Does being vegetarian lower your chances of cancer?


Scientist have found that people who were vegetarian, were less likely to get cancer. The question is if those findings are due to chance, and if it’s worth removing meat from your diet. The World Health Organization has determined that dietary factors account for at least 30 percent of all cancers in Western countries.

There is substantial evidence of hormones in processed meats that could cause cancer. According to Kathy Chapman a nutritionist, a vegetarian diet has been shown to be protective against some cancers, however there isn’t evidence that being vegetarian reduces your overall risk of getting cancer.

Scientist have been studying if it is the chemicals involved in the processing increasing the risk of cancer; or the meat itself. Processed meats are strongly correlated with an increased risk of bowel cancer. It’s said if you consume 50g of processed meat a day the likely-hood of you getting cancer went up by 18% Studies have shown that exposure to the HCAs and PAHs (chemicals in processed meats) can cause cancer in mice, according to many experiments. One experiment included feeding the mice a diet supplemented with the HCA chemical. In turn, the mice developed tumors of the breast, liver and other organs. Mice fed the PAH chemical also developed tumors and cancers. However, I questioned the validity of this experiment because the doses of the HCAs and PAHs chemicals used in these studies were thousands of times the dosage a person would consume in a regular diet.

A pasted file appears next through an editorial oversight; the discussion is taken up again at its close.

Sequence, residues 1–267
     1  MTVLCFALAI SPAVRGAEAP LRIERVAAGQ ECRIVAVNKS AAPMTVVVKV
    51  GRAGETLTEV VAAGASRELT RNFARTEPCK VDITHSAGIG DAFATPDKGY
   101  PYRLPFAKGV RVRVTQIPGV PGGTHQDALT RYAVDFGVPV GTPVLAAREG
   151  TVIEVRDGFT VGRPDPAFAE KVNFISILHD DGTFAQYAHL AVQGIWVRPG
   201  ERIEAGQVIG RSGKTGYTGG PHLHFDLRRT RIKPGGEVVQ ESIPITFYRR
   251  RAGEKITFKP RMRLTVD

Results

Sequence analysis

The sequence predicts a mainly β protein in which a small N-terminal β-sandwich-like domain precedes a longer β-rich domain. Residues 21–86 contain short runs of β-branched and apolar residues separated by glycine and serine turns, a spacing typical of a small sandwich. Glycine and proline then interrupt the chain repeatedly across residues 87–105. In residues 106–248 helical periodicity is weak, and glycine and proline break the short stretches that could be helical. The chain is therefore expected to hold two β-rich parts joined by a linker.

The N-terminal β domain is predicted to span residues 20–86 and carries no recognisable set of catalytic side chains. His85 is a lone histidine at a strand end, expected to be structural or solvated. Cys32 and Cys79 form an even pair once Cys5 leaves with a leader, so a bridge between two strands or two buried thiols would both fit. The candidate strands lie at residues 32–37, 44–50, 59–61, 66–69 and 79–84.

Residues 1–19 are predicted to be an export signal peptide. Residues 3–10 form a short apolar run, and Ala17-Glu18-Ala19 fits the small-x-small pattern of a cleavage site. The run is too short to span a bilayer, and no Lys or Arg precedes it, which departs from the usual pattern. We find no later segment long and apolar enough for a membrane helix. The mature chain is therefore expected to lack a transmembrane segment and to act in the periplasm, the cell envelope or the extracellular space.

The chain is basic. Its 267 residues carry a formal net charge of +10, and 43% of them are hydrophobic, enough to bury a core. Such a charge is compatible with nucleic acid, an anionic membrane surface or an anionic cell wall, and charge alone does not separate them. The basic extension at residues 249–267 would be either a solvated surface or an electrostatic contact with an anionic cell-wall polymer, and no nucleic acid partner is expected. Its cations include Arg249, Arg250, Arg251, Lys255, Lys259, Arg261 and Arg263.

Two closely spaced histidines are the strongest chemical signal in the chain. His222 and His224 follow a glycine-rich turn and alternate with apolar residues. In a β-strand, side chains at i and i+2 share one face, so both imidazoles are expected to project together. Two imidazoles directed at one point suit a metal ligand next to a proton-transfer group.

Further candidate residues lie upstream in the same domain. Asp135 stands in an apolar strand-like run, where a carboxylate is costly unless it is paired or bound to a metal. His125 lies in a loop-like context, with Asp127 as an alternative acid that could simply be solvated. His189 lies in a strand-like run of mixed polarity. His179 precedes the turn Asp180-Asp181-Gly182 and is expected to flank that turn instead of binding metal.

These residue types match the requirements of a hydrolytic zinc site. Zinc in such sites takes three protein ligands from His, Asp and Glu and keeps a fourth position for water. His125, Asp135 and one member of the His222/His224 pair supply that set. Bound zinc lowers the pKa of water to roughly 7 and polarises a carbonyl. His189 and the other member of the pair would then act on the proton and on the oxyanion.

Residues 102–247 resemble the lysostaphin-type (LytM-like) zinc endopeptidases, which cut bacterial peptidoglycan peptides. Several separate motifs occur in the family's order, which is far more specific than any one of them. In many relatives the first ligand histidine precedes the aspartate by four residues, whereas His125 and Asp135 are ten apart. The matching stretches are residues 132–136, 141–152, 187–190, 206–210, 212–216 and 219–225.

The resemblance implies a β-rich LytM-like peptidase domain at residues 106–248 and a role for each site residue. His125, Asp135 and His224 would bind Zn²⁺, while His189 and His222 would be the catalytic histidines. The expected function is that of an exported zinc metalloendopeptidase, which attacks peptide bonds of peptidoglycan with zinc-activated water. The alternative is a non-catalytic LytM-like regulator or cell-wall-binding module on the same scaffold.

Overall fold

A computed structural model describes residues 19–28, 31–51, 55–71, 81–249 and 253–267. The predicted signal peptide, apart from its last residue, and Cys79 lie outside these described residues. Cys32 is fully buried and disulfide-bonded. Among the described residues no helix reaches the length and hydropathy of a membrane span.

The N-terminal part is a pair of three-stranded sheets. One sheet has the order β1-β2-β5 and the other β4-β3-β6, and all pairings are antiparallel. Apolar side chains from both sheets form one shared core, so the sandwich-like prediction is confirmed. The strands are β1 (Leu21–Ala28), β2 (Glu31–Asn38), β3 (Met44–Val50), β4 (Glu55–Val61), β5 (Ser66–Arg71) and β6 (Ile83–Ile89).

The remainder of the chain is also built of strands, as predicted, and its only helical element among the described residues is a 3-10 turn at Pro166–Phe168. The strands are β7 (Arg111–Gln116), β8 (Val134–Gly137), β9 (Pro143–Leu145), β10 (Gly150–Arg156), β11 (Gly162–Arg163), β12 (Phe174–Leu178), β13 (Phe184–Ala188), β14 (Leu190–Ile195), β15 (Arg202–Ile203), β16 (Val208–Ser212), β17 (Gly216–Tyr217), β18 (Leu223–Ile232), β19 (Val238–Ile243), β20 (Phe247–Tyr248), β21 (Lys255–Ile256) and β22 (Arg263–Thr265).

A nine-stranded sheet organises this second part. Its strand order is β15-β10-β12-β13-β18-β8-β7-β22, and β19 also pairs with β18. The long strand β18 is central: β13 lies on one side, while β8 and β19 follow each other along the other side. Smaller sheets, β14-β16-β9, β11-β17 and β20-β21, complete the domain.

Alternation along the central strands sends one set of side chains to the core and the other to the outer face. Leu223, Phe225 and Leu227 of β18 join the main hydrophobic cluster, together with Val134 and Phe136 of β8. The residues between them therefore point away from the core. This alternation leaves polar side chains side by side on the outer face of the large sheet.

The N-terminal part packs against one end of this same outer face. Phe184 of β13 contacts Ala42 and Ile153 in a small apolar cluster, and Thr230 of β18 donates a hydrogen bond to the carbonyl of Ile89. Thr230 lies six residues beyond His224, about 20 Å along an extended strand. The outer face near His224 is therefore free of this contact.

There is evidence that it is more than chance of vegetarians being less likely to get cancer. However they’re quite a few third variables that could be the possible reason it appears meats cause cancer. You could argue that vegetarians are more conscious about their health. Or are more economically —and therefore have more access to quality food.

There’s evidence that countries with a higher intake of fat, especially fat from animal products, have a higher incidence of breast cancer. In Japan, for example, the traditional diet is much lower in fat, especially animal fat, and breast cancer rates are low.

All in all, would it be rational to cut meat out your diet?

2 thoughts on “Does being vegetarian lower your chances of cancer?

  1. Marvin Barnhill

    I would definitely consider confounding variables to take a big part in this study. If you think about it, generally vegetarians are more conscious about the things that they eat. They are probably less likely to eat the processed foods packaged in factories filled with cancer causing chemicals. I think exercise may play a part too, not just whether you’re eating meat or not. We could also consider how vegan and other diets compare to vegetarians when concerning the risk of cancer. Below I’ve linked an article by that gives their take on suggestions for diets that prevent cancer. It even suggests eating MORE fish, which is somewhat contradictory to your findings.

    1. Ademilola Esther Badejo Post author

      Yes! Agreed. I didn’t even think of the difference between a vegan diet and vegetarian diet when comparing the possibility of getting cancer. Very good thought. Hm I just may have to disagree with the fish, or to the least the type of fish. If I’m not mistaken, pregnant women have to be careful about the fish they eat due to the mercury in it. I would assume we all should be cautious about the fish we are eating and the amount. Great ideas. Thanks for commenting. 🙂

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